Quick and Quiet

The two things that immediately impress in an EV are the lack of noise and the immediate delivery of power from the electric motor. Learners notice the quietness which makes it a relaxed learning environment, especially for the more nervous pupils. They also notice the immediate delivery of power, some of them like it too much.

Electric motors deliver their maximum power the moment they are turned on unlike internal combustion engines that build up to maximum power sucking in  and exploding fuel then progressing through gears. Even in Eco Mode the Leaf is quick to accelerate at urban speeds. 30MPH seems to be reached instantaneously.

Learning in an EV

Learners are driving with low end acceleration in EVs that was only expected in powerful fossil fuelled cars. As driving instructors (I really don’t like the word instructor, so old fashioned, we train and coach now) we have to train learners to deal with the instant power of an electric motor by encouraging more gentle use of the accelerator, especially when moving off.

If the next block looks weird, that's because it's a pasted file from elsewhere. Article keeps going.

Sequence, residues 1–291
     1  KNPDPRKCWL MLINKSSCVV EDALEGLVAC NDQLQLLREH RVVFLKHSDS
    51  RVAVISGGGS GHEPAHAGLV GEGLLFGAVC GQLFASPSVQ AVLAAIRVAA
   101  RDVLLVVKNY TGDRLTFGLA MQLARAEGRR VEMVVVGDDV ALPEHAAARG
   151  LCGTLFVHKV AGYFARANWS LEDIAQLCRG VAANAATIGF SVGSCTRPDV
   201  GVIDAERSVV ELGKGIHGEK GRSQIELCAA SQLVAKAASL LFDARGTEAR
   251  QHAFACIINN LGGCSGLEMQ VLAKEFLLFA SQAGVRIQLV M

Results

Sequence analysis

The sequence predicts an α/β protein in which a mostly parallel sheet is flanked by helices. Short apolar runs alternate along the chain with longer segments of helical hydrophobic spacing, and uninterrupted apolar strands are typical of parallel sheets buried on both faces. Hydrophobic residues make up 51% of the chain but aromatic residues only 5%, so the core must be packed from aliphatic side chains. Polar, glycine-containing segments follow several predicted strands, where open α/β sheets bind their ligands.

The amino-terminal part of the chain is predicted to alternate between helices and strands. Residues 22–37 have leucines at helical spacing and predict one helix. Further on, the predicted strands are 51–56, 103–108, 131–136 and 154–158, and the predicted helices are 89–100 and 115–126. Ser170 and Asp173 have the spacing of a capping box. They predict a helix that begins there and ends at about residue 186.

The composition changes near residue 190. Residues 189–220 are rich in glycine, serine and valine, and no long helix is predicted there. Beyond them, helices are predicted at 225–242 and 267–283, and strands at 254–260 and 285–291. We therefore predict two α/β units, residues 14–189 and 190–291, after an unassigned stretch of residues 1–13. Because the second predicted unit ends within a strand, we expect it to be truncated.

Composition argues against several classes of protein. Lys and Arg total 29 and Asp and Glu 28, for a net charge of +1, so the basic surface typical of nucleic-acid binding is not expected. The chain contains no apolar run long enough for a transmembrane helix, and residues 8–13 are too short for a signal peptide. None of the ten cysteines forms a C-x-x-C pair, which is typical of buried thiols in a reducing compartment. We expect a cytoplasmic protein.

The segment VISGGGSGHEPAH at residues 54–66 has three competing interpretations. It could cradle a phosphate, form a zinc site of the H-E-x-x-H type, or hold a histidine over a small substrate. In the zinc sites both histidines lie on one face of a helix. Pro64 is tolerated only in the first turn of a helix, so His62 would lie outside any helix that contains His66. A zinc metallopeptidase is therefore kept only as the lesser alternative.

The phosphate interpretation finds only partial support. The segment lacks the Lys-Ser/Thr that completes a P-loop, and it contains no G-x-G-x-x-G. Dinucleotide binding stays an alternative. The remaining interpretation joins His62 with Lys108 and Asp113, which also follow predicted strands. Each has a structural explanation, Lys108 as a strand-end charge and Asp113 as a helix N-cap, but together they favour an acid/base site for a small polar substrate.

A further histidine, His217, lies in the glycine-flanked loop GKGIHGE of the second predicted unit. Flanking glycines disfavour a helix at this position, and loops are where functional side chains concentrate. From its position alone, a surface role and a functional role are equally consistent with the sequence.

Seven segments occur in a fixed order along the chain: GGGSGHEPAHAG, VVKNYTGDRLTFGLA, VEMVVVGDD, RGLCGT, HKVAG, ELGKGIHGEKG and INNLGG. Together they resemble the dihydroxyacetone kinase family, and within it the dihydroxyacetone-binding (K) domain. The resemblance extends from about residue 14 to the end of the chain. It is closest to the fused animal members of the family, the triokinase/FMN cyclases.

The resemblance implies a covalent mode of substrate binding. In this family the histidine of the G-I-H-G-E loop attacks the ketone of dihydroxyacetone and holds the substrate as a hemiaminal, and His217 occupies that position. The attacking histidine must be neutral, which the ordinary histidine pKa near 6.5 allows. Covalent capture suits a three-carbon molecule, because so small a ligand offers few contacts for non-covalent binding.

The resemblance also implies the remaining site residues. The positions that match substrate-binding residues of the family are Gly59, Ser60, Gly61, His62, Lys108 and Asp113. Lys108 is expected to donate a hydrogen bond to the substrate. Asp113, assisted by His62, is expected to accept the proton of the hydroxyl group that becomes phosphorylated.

They need to understand the expectations of the motorists around them and plan for it. The way a learner in an EV drives is different to a learner in a manual fossil fuelled car. Most motorists pulling up in the right hand lane at traffic lights probably expect to pull away ahead of “the learner” and get in front of them. It’s a bad attitude around a vulnerable road user but common. Little do they expect to see the driving school car disappear into the distance before they’ve got their clutch to bite. We need to consider the possible responses of drivers around us.